In 1998, Bombardier was the market leader in the up-and-coming regional jet market. But a feisty competitor, Brazil’s Embraer, was nipping at its heels. At that year’s Farnborough Air Show, Bombardier unveiled a project to keep Embraer at bay: a C$1-billion plan to develop an all-new 90-seat regional jet, dubbed the BRJ-X.
“Bombardier executives forecast aircraft with more than 60 seats will make up 22% of regional fleets within a decade, up from 10% today,” Aviation Week reported from Farnborough.
That assessment would prove prescient, as a spike in fuel prices six years later would drive airlines towards bigger regional jets and away from the 50 seaters that had been the industry’s mainstay. Unfortunately, Bombardier did not have the wherewithal to formally launch the BRJ-X project, as financial woes forced it to sharply curtail R&D spending.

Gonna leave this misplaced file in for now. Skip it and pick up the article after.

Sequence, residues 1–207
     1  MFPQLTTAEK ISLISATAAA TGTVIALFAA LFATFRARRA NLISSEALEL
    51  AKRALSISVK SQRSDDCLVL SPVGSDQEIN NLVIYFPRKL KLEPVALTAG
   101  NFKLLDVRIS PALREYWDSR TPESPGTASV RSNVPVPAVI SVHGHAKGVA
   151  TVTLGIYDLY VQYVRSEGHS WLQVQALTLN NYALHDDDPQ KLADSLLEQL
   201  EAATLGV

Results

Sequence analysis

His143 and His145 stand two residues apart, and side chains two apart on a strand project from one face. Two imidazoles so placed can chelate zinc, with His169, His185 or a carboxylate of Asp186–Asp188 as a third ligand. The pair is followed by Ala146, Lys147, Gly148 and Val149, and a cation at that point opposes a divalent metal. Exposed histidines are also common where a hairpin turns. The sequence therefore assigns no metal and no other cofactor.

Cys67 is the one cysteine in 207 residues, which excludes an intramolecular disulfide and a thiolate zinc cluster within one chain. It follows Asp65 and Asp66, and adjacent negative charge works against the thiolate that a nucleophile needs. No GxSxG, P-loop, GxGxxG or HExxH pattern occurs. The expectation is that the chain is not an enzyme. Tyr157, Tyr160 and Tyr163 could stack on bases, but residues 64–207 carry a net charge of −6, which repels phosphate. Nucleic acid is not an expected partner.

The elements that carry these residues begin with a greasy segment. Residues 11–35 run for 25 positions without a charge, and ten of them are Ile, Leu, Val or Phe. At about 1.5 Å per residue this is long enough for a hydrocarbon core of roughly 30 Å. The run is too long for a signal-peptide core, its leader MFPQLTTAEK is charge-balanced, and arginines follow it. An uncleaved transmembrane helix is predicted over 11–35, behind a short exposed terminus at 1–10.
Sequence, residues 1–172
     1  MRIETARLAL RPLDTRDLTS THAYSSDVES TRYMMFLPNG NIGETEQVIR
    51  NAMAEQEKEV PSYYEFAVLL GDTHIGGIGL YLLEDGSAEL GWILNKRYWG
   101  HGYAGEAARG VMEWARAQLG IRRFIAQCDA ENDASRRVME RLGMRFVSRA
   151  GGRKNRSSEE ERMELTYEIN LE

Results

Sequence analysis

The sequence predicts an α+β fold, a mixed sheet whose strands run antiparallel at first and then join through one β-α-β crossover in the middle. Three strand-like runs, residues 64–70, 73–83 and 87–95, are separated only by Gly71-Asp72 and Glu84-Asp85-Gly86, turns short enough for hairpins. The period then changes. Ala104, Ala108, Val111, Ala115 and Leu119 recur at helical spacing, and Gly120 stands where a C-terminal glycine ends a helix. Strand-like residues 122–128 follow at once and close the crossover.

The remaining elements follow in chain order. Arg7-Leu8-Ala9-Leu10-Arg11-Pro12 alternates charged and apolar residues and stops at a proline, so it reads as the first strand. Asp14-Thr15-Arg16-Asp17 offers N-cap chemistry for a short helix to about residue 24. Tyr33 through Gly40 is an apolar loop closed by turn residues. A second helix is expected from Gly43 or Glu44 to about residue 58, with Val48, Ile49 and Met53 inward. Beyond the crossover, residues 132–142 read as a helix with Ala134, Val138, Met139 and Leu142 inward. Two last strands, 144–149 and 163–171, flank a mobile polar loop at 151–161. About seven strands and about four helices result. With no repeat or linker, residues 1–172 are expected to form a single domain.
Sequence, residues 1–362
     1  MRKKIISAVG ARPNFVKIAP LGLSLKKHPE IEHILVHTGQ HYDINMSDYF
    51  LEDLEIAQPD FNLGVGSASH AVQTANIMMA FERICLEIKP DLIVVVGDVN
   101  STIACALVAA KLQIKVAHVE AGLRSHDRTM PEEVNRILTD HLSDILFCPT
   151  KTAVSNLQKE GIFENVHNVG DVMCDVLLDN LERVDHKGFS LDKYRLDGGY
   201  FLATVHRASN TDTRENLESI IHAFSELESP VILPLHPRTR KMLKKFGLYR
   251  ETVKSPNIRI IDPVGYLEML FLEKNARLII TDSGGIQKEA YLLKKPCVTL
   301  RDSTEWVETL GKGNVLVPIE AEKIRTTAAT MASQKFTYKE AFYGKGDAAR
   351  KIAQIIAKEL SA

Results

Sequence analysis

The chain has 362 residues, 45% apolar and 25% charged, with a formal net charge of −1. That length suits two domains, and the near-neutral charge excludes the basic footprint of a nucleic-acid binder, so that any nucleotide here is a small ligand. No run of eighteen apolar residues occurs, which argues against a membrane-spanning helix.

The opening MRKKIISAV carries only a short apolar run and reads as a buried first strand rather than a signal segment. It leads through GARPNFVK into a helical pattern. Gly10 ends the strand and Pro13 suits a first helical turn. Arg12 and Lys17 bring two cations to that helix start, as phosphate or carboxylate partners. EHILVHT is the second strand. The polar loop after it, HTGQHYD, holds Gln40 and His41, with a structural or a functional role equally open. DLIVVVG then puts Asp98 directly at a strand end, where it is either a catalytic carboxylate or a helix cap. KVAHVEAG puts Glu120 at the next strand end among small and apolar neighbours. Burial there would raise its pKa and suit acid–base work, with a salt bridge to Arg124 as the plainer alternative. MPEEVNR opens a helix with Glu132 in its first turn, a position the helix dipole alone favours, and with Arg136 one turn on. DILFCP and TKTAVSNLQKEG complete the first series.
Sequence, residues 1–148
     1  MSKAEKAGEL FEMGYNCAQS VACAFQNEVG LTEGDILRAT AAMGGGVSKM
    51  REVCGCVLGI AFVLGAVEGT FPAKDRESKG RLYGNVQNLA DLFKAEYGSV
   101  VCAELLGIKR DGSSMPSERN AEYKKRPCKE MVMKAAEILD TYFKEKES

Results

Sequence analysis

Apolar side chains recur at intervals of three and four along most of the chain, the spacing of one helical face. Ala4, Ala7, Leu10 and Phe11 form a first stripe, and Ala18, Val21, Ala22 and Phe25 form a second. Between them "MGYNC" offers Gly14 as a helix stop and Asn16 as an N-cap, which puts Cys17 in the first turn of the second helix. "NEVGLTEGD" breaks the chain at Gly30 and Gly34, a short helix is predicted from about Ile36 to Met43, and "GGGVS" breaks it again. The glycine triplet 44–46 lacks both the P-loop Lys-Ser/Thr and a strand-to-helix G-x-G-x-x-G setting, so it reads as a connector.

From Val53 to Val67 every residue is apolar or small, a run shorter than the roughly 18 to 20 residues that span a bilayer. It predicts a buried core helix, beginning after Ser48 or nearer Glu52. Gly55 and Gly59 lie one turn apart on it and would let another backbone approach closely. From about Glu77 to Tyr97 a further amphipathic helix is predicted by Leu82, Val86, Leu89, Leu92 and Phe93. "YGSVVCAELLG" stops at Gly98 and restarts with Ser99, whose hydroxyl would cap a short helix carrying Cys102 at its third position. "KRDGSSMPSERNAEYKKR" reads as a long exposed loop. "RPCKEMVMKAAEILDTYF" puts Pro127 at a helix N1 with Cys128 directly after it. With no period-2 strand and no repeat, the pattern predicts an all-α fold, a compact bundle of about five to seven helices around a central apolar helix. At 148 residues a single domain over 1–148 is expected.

Embraer did not pause, however, and developed a new family of “E-Jets” that would grab a leading share of the 70-130-seat market -- exactly the scenario Bombardier was trying to head off with the BRJ-X.